As digital technology disrupts the workplaces for many people, how can they cope?  Now throw in COVID19 as an extra motivator.

A lot of occupations have been eliminated.  People who have trained to perform these tasks have to find another path.

The first folks to fall victim were workers who were replaced by factories.  Then those blue-collar factory workers were replaced by robots.

More and more jobs have been eliminated by digital technology.  Secretaries used to be everywhere… now they are few and far between and only the elite remain.  Tellers?  Gas station attendants? The list could go on.

The same will be true for many white-collar jobs that will be no longer required.  COVID has forced this by showing companies employees can work from home.

Typically, long term results require some long-term investment.  That’s why we go to school and to university to build our long-term value while putting off income in the short term.  Some people get romanced by the immediate money they can make and leave this stream earlier, only to find the short-term gain has left them at a long-term disadvantage.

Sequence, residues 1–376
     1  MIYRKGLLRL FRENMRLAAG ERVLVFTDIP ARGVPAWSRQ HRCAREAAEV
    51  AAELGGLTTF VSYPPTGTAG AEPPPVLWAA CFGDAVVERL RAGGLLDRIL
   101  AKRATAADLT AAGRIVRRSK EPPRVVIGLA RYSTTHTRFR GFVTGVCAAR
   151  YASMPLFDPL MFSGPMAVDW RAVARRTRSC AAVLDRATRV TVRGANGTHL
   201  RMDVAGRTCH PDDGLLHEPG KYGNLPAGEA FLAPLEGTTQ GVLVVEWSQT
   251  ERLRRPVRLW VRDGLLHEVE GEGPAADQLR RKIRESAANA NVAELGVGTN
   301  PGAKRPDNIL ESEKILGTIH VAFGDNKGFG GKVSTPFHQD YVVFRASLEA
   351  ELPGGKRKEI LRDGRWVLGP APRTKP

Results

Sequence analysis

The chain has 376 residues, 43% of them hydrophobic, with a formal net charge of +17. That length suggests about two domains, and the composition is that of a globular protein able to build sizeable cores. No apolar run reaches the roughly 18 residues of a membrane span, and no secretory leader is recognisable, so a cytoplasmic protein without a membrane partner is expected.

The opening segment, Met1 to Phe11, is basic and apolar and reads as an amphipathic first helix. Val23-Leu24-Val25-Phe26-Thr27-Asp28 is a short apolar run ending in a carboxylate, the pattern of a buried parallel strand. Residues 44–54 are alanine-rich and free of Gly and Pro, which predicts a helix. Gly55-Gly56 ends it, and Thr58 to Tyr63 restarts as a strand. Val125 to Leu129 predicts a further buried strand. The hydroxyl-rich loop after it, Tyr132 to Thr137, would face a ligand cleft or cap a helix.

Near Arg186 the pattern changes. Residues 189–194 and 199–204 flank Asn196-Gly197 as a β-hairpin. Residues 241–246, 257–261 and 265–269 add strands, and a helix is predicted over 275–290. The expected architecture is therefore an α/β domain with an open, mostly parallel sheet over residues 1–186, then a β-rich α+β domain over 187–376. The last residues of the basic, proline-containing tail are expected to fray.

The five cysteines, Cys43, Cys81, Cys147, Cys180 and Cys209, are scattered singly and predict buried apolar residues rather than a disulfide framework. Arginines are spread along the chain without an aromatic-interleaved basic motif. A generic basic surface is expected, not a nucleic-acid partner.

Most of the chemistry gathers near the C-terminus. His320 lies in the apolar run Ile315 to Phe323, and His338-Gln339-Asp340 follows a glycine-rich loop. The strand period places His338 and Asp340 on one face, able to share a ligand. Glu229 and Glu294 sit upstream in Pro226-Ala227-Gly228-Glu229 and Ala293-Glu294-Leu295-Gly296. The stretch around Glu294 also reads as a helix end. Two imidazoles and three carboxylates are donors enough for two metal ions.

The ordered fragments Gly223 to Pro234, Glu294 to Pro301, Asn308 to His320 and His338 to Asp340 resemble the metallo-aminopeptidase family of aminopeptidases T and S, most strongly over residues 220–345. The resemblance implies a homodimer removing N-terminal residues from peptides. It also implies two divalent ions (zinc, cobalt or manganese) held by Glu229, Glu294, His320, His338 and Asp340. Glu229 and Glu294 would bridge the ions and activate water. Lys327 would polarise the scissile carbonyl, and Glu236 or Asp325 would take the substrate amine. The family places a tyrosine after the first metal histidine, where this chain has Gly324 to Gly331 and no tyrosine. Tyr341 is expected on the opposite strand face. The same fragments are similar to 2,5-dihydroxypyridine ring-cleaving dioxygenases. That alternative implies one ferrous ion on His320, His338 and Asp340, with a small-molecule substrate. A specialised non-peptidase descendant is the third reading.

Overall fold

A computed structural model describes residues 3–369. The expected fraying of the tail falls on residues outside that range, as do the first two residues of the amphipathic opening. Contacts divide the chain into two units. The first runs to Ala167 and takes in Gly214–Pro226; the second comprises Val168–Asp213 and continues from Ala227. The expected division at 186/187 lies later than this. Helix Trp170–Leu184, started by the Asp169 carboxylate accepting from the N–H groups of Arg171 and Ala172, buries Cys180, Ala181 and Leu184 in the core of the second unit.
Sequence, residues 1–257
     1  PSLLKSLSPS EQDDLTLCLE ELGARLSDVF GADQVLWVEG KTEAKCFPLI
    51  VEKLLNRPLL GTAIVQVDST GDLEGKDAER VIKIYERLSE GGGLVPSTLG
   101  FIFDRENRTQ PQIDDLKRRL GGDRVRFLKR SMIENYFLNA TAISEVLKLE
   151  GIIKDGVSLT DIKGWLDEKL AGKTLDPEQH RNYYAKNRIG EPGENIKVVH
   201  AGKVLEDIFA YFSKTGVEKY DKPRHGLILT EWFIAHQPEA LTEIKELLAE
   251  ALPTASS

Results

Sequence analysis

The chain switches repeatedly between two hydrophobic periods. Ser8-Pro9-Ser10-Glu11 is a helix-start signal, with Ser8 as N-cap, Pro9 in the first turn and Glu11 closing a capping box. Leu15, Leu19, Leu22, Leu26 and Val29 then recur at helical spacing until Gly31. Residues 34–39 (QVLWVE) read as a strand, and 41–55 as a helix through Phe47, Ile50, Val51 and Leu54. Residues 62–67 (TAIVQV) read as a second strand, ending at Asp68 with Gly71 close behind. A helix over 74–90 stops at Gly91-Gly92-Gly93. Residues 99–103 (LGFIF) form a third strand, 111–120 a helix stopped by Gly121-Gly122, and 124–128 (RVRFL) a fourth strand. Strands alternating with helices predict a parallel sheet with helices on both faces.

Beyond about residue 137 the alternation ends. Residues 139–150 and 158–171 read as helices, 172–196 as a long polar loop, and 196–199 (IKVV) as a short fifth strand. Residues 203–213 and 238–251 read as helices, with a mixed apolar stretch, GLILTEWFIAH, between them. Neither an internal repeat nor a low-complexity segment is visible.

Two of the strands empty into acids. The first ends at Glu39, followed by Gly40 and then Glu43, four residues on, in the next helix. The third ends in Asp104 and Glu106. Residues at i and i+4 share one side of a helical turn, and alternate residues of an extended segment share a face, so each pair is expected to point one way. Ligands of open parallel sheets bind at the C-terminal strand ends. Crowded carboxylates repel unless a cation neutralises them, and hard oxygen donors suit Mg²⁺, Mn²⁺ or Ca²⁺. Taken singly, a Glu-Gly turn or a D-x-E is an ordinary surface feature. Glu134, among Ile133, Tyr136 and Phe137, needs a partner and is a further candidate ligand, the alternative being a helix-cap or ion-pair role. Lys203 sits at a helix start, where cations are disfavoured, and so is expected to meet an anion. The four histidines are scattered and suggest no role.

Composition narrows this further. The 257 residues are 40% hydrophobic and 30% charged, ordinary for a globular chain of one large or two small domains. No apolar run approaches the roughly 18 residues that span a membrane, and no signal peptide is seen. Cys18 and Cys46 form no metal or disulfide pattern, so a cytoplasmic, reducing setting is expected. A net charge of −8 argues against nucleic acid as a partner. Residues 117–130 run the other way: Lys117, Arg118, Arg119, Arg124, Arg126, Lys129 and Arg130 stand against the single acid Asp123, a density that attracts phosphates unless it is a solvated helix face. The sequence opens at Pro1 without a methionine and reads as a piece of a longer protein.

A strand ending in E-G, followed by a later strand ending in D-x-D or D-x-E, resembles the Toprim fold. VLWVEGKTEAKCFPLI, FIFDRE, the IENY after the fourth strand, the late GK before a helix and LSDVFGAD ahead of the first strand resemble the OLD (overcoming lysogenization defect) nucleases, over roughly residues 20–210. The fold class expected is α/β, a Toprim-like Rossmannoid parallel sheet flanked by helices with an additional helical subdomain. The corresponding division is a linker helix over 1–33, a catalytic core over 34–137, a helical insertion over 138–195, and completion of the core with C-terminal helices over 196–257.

Now there is another disruption coming for many: the midlife retraining requirement.

When you were living with your parents, putting off making money in the short term was a tolerable solution.  It was one they were likely willing to support, either with room and board or help with expenses.  The vision was that further schooling would pay off with a better job and a better life.  A long-term investment.

However, the situation is not the same if you are a 40 year-old with a family, with a mortgage and thinking of your teenagers heading to university.  How can you forego income and spend funds on retraining for a potential future?

The midlife crisis has changed from buying a sports car to finding a career path for the next twenty years and finding a way to save enough to prepare for your retirement.  There will be massive retraining required.

Economists shrug and think people can follow the opportunities.  It is not that easy.  There are ego costs, family costs

Right now, there is no social mechanism to allow midlife travelers to afford the change.  This will be particularly a problem as society pays the heavy bills from the COVID19.  Our social capital is depleted.

Governments should be thinking of structures that can help this transition or many talented people will become an even larger social cost.

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